Right, yeah.

He comes in, he does a voice for a C.G. character. It's a fun little bit.


And it was really nice of him to do. Well then people pick that up and they're like "Oh my God, he's Richard Rider. Adam Warlock. He's this, he's that." I'm like "No, he's a prisoner that tries to molest Peter Quill for two seconds. It's not that big of a deal." And now you're all worked up on what a big deal it is. And, it's not really that big of a deal. This is my buddy doing me a favor, coming in and doing a fun cameo. It's like when people look through the credits, they're going, "Oh my God, that's Castle!" you know?

Yeah. But, you know, that's funny because you're one of the few filmmakers that can sort of control that because you're so active on social media.


Obviously that's something you like to do, but at the same time, is it something that you have to talk to Marvel about, due to the studio's secretive nature?

I did at the beginning. Like at the very beginning, I kind of shut up about the movie when I first got hired. And didn't say anything for a long time. And then little by little, something would come about and I'd be like "Please let me quench this stupid rumor?" You know, "Please let me say there is no fucking Planet Hulk movie." That's the dumbest fucking thing. There's no fucking Planet Hulk. You know, please let me do that... That's a way for me to get that out there. I'm like, please let me do whatever. And then sometimes they say, "I don't really think so. We'd rather not engage in this type of thing." And then there's other times they're like "Yeah, go ahead."

So they are involved in the conversation.

Initially. Eventually I got to the place where it was like now I kind of know what the conversation is. It's close enough to the movie's release that I'm able to treat it like I'm able to treat an interview where I'm not gonna give away spoilers, but I can answer questions. So now it's a little bit different. And if somebody comes up with some silly stupid thing about somebody being in the movie or this or that or I just cut it off.

Your personality is so infused into the humor and everything in this film. Can you let anybody else do the next movie, write these characters?


They're yours.


Well, I mean, they're Marvel, but I'm saying like do you feel...

They'll do what they want eventually. But like yeah, no, listen I'll have a very hard time letting go of Rocket and Groot. You know, very hard time.

You came through the Troma world. Besides the Lloyd Kaufman cameo, what's the most "Troma" thing about in this movie or about the movie?

I don't know, I mean, Troma taught me a lot about just the practical aspects of making films. So that's something I carry with me everywhere. I don't really think of the movie as having Troma aspects though.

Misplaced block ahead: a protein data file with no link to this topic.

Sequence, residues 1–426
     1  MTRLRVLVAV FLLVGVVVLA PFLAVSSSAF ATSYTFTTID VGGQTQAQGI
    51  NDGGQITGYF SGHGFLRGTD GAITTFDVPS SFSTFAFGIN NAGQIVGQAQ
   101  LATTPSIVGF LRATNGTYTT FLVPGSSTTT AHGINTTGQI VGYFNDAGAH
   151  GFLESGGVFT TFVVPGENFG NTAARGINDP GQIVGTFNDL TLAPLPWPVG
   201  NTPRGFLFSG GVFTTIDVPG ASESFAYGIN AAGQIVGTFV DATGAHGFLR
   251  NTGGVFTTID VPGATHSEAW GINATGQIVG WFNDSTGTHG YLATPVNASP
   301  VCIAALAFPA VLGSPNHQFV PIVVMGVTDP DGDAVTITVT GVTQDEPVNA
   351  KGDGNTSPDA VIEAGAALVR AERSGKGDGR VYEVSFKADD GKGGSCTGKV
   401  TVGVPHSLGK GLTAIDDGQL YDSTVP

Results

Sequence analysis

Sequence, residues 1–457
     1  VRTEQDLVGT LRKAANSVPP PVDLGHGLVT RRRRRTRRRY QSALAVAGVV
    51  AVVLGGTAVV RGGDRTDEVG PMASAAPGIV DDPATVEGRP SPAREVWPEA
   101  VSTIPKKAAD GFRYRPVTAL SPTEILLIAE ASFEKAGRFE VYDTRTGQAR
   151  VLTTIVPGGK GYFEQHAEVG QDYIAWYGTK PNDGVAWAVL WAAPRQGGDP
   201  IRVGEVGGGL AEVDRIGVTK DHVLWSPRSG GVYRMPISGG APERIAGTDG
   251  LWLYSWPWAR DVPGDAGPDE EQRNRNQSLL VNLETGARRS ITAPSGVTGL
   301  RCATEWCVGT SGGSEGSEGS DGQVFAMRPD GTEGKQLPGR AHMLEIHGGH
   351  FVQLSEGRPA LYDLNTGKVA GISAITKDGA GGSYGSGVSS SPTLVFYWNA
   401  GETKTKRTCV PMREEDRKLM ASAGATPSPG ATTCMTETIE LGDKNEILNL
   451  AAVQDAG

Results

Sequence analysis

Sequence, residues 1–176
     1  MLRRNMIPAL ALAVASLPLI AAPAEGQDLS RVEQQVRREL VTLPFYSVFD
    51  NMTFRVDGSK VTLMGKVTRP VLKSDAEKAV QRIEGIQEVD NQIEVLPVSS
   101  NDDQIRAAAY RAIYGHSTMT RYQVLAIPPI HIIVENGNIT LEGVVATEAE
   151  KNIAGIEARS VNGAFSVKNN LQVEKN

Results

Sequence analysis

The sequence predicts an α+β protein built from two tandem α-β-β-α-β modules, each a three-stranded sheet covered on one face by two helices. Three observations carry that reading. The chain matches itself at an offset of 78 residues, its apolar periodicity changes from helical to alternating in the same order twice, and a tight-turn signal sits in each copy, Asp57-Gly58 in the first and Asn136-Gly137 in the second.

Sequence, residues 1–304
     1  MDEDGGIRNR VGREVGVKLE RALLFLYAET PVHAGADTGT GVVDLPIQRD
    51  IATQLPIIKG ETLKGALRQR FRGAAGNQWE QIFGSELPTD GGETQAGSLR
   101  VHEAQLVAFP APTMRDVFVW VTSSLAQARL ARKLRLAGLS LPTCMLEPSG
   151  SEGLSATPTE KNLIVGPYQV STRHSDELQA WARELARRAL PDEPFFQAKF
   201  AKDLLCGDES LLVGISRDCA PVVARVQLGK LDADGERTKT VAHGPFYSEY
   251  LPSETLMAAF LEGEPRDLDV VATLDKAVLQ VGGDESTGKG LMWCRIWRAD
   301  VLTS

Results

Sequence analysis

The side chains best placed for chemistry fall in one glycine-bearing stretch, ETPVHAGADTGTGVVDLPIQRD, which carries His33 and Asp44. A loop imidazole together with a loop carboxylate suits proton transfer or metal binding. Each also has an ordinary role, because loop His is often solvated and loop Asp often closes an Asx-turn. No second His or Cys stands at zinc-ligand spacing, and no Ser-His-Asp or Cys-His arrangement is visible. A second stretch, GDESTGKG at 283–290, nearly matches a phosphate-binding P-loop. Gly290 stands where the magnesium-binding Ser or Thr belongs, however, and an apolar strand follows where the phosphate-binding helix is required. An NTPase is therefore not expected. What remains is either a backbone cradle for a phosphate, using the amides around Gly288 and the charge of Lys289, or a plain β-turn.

After seeing Slither and Super, we were all excited you were doing this movie, but it also seemed like an insane step up. Was there ever a where this just seemed insurmountable? 

Never. Never. No. It was totally pretty natural to me. Listen, here's the truth, I probably have had more filmmaking experience than any director ever in Marvel. Because I have directed so much stuff. When I was at Troma, I shot constantly. You know, I've made two movies and I was trained by Chuck Roven to direct, you know, big budget movies. Hey. So I think that my training is probably more rounded than anybody else who's ever, you know, worked here.

The trailers have a lot of stuff that you shot just for the trailers and just for Comic-Con. The lineup and the line and the John C. Reilly stuff.

Yes, that we shot for Comic-Con. And there's some other stuff in the trailers that was cut from the movie.

But  you were very conscious of being like we're gonna put this in there to introduce the characters?

When I put the mugshot scenes in, I went to those guys, I'm like "I think this would make a good trailer if we do this." And then they latched onto that and they came to me, so I wrote the dialogue for John C. Reilly to say while he's doing the trailer. You know, for the trailer itself. The a-holes line was something that I came up for the trailer and dumped in the movie, but I actually did for the trailer. So there's sort of a back and forth.

Where is Peter's Walkman now — the real prop — and how many were there?

I don't know how many... there were only like four of them because they could only track down like four full ones with the headsets and everything. So there weren't that many of them. And it's probably in the Marvel warehouse somewhere with everything else 'cause ...

Just in case you need it again.

Yeah. Oh yeah, we'll need it again.

I think so too.

Guardians of the Galaxy is now in theaters.